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Record Rates Rising

Interest rates again fell to new lows but failed to stimulate an improvement in new lending activity. Mortgage rates are likely to be higher in next week’s reports.

As goes the weekly rhetoric lately, a new record was reported Thursday by Freddie Mac for the average 30-year fixed-rated mortgage. In its latest survey of 125 mortgage bankers, the McLean, Va.-based secondary lender said the 30-year fell to 4.32 percent — the lowest level recorded since it began tracking the 30-year in 1971 — from 4.36 percent last week. The 30-year was 5.08 during the same week in 2009.

In explaining the decline, Freddie Deputy Chief Economist Amy Crews Cutts pointed to Federal Reserve Board Chairman Ben Bernanke’s Aug. 27 speech in Wyoming indicating that inflation should remain in check for some time with a growing economy and reasonably stable inflation expectations.

The Federal Housing Finance Agency, which regulates Freddie and its secondary cousin Fannie Mae, reported that the average 30-year fixed-rate was 4.84 percent in July, down 16 BPS from the previous month.

The 30-year jumbo mortgage was 5.20 percent in the Mortech-Mortgage Daily Mortgage Market Index report for the week ended Sept. 1, unchanged from seven days earlier. But the conventional 30-year was 2 BPS lower in the report — increasing the jumbo-conforming spread to 91 BPS from last week’s 88 BPS.

The 30-year mortgage is likely to shoot up in next week’s reports based on activity with the 10-year yield, which jumped to 2.627 percent during trading today from 2.50 percent at the market’s close last Thursday, according to data published by the U.S. Department of the Treasury and

But a majority of panelists for the week Sept. 3 to Sept. 9 see no change over the next week for mortgage rates, while the rest were equally split about whether rates would rise or retreat by at least 3 BPS.

The 15-year fixed-rate mortgage also enjoyed a new record: 3.83 percent. Freddie reported the 15-year average at 3.86 percent last Thursday. FHFA said the 15-year increased 19 BPS in July to 4.66 percent.

Falling 2 basis points from a week ago, the five-year Treasury-indexed hybrid adjustable-rate mortgage averaged 3.54 percent in Freddie’s latest survey.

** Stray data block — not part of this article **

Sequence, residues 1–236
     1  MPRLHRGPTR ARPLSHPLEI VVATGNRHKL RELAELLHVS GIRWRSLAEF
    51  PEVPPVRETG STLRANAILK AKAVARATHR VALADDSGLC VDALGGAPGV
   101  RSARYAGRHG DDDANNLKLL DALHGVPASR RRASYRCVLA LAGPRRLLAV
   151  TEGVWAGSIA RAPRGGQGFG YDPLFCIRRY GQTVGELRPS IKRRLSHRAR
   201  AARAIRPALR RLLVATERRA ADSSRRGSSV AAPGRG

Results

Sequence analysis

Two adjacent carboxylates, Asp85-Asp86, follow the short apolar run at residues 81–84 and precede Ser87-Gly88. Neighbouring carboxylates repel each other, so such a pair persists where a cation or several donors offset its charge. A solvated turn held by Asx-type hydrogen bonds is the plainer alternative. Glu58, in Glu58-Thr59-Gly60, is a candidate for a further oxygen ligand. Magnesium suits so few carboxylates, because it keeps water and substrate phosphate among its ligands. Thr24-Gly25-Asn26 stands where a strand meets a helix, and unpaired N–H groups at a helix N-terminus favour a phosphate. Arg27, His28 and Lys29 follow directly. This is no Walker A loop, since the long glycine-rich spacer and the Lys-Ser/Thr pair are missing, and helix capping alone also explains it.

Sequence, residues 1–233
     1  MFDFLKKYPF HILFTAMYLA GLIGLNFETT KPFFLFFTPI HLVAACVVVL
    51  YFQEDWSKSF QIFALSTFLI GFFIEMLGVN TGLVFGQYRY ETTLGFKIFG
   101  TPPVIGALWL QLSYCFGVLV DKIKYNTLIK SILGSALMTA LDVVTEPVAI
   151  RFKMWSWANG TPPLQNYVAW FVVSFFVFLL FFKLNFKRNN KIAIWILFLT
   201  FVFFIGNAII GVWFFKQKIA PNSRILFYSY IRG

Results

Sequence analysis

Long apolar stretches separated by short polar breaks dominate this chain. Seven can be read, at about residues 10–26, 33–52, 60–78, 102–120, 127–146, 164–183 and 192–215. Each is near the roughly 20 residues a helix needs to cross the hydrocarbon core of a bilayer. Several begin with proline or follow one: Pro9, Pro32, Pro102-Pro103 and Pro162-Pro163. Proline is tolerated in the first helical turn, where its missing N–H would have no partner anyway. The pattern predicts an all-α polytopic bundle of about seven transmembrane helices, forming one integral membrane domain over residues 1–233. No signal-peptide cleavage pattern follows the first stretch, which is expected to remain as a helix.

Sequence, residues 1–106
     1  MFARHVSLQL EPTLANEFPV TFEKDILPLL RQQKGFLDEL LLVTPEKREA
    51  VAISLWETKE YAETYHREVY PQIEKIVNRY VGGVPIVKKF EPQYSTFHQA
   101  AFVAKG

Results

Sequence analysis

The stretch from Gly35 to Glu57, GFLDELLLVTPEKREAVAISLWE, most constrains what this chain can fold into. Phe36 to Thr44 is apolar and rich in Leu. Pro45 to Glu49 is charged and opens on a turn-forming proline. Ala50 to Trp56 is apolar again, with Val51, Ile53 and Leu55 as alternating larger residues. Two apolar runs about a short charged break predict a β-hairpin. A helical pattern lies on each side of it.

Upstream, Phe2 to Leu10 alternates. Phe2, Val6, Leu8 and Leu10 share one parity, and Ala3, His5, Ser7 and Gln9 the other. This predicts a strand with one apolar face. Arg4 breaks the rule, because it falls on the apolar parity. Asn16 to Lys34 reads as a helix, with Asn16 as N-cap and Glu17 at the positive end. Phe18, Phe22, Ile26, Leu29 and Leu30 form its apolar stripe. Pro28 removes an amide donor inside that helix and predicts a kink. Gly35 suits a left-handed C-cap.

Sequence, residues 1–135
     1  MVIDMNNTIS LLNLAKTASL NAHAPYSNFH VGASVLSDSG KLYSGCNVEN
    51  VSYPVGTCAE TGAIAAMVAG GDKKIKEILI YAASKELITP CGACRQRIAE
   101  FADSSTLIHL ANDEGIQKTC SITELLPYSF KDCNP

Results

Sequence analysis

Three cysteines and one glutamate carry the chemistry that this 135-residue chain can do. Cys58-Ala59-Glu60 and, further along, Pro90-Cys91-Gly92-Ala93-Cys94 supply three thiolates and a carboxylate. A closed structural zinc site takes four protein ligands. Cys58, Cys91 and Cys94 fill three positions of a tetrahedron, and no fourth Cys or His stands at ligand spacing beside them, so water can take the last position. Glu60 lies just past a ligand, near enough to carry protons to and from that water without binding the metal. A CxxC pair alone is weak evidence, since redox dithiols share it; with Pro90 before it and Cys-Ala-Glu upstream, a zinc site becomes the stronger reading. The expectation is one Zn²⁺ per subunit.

At 3.50 percent, the one-year Treasury-indexed ARM was also 2 BPS better than in Freddie’s prior survey. The one-year averaged 4.62 percent 52 weeks ago. The index for the one-year ARM, the yield on the one-year Treasury, closed Wednesday at 0.25 percent, a tad lower than 0.26 percent a week prior based on Treasury data.

The six-month London Interbank Offered Rate was 0.50 percent Wednesday, lower than the previous week’s 0.52 percent.

FHFA reported that the National Average Contract Mortgage Rate for the Purchase of Previously Occupied Homes fell 0.13 percent from June to 4.78 percent in July from in June. The rate is used as an ARM index.

Last week — when the one-year ARM eased 1 basis point and the 30-year fixed rate improved 6 BPS — more loan prospects who were tracked in the Mortgage Bankers Association’s Weekly Mortgage Applications Survey for the week ended Aug. 27 opted for an ARM, pushing ARM share to 6.1 percent from the previous week’s 5.8 percent.

Although mortgage rates continued to improve, mortgage activity slowed. The Mortgage Market Index was 348 this week, easing from 355 in the week ended Aug. 25. In addition, the average loan amount fell to $214,263 from $214,838. The highest average of $321,119 was in Washington, D.C., and the lowest was Mississippi’s $155,351.

While the Mortgage Market Index reflects this week’s new activity at mortgage brokerages, MBA’s Market Composite Index reflects last week’s application activity at mortgage banking firms. MBA said activity rose 3 percent on a seasonally adjusted basis from a week earlier. Refinances rose 3 percent and purchases climbed 2 percent.

Despite the Mortgage Market Index‘s decline, the share of refinances was up less than a basis point to 64 percent, indicating purchase activity was lower. This week’s refinance share included a 49 percent rate-term share and a 15 percent cashout share.

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